“I couldn’t make this up if I wanted to,” Katina Powell, a self-described former escort and co-author of the recently released book, Breaking Cardinal Rules: Basketball and the Escort Queen, recently told ESPN’s Outside the Lines. “I have no reason, or have no need to lie to anyone. Everything I’m saying is 100 percent the truth.” In Ms. Powell’s book she, along with co-author and Pulitzer-Prize winning journalist Dick Cady, document how former University of Louisville Men’s Basketball players and recruits attended campus dorm parties from 2010–2014 with strippers who were paid to dance and have sex with the players. Ms. Powell alleges former graduate assistant coach, Andre McGee, paid her roughly $10,000 to arrange and supply dancers for nearly two-dozen stripping and sex parties. As of October 20th, five former players and recruits confirmed many of Ms. Powell’s claims to Outside the Lines.

Besides the obvious reasons to lie: book sales, media appearances, and the opportunities that follow salacious stories, Ms. Powell could be telling the truth for the simple fact that she has created potential legal issues for herself. The book chronicles in detail how Ms. Powell, with the help of several others, ran an organized prostitution ring. Readers can view Ms. Powell’s journal entries where she recorded lists of performances and prices, how she enlisted her underage daughters to help pick up dollar bills at parties, and how she eventually “promoted” some to dancers. “Side deals” were where players and recruits could have sex with dancers who wanted to make “extra money,” though Ms. Powell claims she did not benefit directly from these deals. Ms. Powell estimates of the two-dozen or so dancers she brought to parties, only five or sex did not have sex with players. Lindsay Powell, Katina’s 24 year-old-daughter, and Rod Ni Powell, her 22-year-old daughter, told Outside the Lines they were paid over $100 per encounter to have sex with numerous former players who are now in the NBA. Another woman, who asked to go by the name of Mandy, said she went to a party in 2010 or 2011, when she was likely still 17 and in high school. However, Mandy denied the claim that sexual encounters took place that night.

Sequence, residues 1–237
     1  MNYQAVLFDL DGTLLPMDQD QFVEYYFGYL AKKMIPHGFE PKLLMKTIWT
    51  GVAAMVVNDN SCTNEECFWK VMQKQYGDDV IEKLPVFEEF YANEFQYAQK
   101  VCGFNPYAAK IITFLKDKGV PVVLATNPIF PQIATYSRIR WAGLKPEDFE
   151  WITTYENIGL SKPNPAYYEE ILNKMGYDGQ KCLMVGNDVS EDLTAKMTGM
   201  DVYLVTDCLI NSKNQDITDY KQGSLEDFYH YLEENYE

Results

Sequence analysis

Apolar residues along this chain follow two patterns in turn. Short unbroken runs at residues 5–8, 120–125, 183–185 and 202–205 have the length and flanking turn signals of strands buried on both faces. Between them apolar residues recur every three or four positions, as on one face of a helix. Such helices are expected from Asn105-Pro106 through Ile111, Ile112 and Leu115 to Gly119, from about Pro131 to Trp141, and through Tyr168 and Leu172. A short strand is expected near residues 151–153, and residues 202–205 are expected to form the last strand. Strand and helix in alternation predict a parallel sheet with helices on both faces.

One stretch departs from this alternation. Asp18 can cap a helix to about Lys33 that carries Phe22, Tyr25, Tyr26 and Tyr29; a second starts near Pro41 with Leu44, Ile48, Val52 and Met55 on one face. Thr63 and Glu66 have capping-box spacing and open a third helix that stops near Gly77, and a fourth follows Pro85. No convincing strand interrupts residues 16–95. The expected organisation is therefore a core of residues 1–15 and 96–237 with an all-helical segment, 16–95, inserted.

Although Ms. Powell probably released the book for personal gain, her story has led to the unintended consequence of having University of Louisville Police Department open an investigation into the matter. The NCAA has similarly opened an investigation. Although engaging in prostitution in Kentucky is a Class A misdemeanor with a one-year statute of limitations, the far more serious offense of promoting prostitution is a Class D felony with no statute of limitations. Ms. Powell’s attorney, Larry Wilder, believes if the Commonwealth thinks that a crime of promoting prostitution occurred as a Class D felony, the commonwealth will have to prosecute McGee and Ms. Powell together.

The main question most Louisville basketball fans probably have is, “did head coach Rick Pitino know about all of this?” Pitino is a legend in college basketball ranks, but he could certainly be vulnerable to both NCAA sanctions and legal culpability. Ms. Powell claimed she asked McGee about whether Pitino knew about the parties, to which McGee replied, “he’s Rick. He knows about everything.” Although Pitino brushed off the allegations in early October by saying “I base things on the truth,” he has recently changed his tune this week by stating, “I don’t know if any of this is true or not. There’s only one person who knows the truth, and he needs to come out and tell the truth.” Pitino could theoretically be criminally liable for promoting prostitution, which requires a party to “knowingly advance or profit from prostitution.” At the very least, the NCAA could come down hard on him, as coaches have received suspensions and fines recently for far less. Only time will tell exactly how this situation plays out, as more details seem to emerge daily.

– Peter Martin

 

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